Prosecutors in the office of U.S. attorney Adair Ford Boroughs responded on Wednesday afternoon to a request for a new trial from convicted fraudster Russell Laffitte– the disgraced banker who played a key role in the financial component of the ‘Murdaugh Murders’ crime and corruption saga.
In a voluminous 56-page motion, prosecutors Emily Limehouse, Winston Holliday and Kathleen Stoughton rebuked Laffitte’s “belated and meritless” claim that his constitutional rights were denied as a result of some questionable eleventh hour jury reshuffling by U.S. district court judge Richard Gergel.
Laffitte, 51, of Hampton, S.C., was found guilty last month of bank fraud, wire fraud, conspiracy and misapplying bank funds related to his role in the alleged financial scams of disbarred lawyer/ accused killer Alex Murdaugh. In addition to the federal convictions – which could land him behind bars for up to thirty years – there are still more than twenty Murdaugh-related state charges also pending against the former chief executive officer of Palmetto State Bank (PSB).
Was Laffitte’s conviction on the level, though?
Two jurors were removed by Gergel and replaced with alternates during a chaotic day of deliberation in U.S. district court in Charleston, S.C. on November 22, 2022. Laffitte’s lawyers – Bart Daniel and Matt Austin – claim these jurors were “improperly dismissed” by the judge.
Moments before being replaced, one of the jurors submitted a note to Gergel indicating they were “feeling pressured to change (their) vote.”
“Her removal constitutes a miscarriage of justice,” Daniel and Austin wrote in a pleading submitted to the court earlier this month.
Attorneys for the government fired back at that assertion, saying Gergel “properly exercised (his) discretion.”
“The court did not abuse its discretion by replacing two jurors, who were unable to perform their duties, with still-sequestered alternates,” the prosecutors wrote in their response (.pdf). “The record clearly demonstrates that the court, after inviting the parties’ input, appropriately exercised its discretion to empanel two alternate jurors to replace jurors who could no longer serve.”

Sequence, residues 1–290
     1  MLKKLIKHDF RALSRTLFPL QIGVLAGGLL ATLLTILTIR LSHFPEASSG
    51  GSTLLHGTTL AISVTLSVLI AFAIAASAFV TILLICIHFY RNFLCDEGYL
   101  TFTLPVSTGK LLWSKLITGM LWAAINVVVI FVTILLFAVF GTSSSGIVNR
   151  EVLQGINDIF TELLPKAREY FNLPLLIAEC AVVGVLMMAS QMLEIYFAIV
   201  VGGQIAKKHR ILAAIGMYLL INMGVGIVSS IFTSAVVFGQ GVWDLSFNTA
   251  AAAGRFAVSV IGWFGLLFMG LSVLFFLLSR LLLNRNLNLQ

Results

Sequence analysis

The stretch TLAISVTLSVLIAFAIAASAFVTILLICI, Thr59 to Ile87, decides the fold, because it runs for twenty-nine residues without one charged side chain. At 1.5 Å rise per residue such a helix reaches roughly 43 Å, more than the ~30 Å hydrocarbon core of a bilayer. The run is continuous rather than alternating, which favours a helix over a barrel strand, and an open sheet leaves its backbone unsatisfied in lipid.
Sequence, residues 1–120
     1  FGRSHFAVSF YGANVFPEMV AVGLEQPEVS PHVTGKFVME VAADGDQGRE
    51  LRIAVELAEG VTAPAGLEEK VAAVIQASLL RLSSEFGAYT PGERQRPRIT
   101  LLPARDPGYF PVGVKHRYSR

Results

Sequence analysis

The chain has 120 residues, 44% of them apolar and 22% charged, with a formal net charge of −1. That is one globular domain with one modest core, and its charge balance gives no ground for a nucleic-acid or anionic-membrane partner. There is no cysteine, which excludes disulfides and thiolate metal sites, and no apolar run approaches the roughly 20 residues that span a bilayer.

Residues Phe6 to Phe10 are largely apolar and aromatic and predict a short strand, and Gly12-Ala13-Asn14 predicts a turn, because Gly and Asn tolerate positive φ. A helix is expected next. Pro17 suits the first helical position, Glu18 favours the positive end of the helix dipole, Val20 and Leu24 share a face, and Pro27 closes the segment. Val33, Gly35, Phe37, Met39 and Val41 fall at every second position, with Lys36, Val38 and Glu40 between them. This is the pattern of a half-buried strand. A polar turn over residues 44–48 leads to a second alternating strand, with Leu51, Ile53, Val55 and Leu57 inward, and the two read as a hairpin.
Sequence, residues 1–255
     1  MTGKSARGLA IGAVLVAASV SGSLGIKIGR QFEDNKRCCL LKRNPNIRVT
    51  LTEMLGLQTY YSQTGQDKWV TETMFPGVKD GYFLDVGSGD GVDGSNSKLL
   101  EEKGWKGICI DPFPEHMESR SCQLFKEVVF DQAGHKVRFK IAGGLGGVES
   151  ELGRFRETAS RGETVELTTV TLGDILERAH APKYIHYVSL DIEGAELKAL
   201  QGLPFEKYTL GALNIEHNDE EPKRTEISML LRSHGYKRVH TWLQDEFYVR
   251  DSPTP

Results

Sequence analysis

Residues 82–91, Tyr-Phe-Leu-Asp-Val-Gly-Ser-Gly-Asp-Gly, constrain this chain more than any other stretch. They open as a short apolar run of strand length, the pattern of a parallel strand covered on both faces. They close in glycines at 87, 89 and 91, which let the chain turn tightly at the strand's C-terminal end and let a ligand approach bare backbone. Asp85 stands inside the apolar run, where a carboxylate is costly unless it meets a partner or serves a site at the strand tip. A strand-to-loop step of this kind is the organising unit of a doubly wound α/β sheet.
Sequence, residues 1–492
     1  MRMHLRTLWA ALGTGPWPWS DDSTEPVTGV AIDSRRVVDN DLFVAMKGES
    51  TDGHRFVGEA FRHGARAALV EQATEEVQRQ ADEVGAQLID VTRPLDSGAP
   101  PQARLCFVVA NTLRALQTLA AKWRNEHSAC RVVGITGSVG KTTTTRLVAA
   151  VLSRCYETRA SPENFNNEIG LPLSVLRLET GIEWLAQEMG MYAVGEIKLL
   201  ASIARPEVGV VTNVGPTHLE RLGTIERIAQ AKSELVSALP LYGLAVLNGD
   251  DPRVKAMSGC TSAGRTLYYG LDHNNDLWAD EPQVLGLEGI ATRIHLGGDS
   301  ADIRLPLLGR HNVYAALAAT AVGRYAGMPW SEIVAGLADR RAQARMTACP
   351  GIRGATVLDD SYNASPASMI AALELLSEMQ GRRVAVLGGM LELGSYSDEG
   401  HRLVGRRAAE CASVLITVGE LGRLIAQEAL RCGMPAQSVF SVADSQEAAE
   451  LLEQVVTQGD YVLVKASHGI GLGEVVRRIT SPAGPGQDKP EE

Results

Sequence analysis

This news outlet addressed the jury drama extensively in our recap of the Laffitte verdicts. Days after the trial, a transcript (.pdf) was released documenting the jurors’ removal.
Or at least the discussion about it in open court …
What happened in the jury room? We still don’t know … but the two jurors removed by Gergel have submitted sworn statements to Laffitte’s attorneys attesting to their version of events.
Yesterday (December 20, 2022), Laffitte’s attorneys filed a new motion in this case – one referencing a pair of affidavits submitted by the two jurors. Gergel sealed those affidavits on Wednesday at the request of Laffitte’s lawyers.
Sources familiar with the two affidavits told this news outlet they detailed the “chaos” which overtook deliberations – including alleged bullying on the part of certain jury members against two vocal holdouts. The sworn statements are expected to become critical components of Laffitte’s bid to get a new trial – although as I have previously noted, based on the evidence and testimony introduced during the initial proceedings, his lawyers are still fighting an uphill battle.
RELATED | RUSSELL LAFFITTE SEEKS NEW TRIAL
As I have frequently noted, Limehouse, Holliday and Stoughton delivered “an absolute tour de force” at last month’s trial, “methodically, meticulously making a compelling case on each of the six charges filed against him.”
Prosecutors “introduced damning documents and elicited incriminating testimony not only from government witnesses, but also from many of the witnesses called to the stand on Laffitte’s behalf.”
Meanwhile, Laffitte’s effort to prove a broader conspiracy – one in which he was a mere “pawn” of Murdaugh and others – largely fell flat.
Gergel has yet to schedule a hearing on Laffitte’s request for a new trial. As soon as that happens, we will let our readers know.
In addition to deciding Laffitte’s fate, this trial also had significant impacts on the upcoming double homicide trial of Alex Murdaugh. Specifically, it provided state prosecutors with their theory of motive in that case – in which Murdaugh stands accused of savagely slaying his wife, 52-year-old Maggie Murdaugh, and their younger son, 22-year-old Paul Murdaugh.
The double homicide trial is set to begin on January 23, 2023 in Walterboro, S.C.
THE FILING …response-in-opposition-laffitte
(Via: U.S. District Court)
ABOUT THE AUTHOR …
Will Folks is the founding editor of the news outlet you are currently reading. Prior to founding FITSNews, he served as press secretary to the governor of South Carolina. He lives in the Midlands region of the state with his wife and seven children.
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So does anyone else want to know about these juror issues ??
Yeah, the whole thing is weird.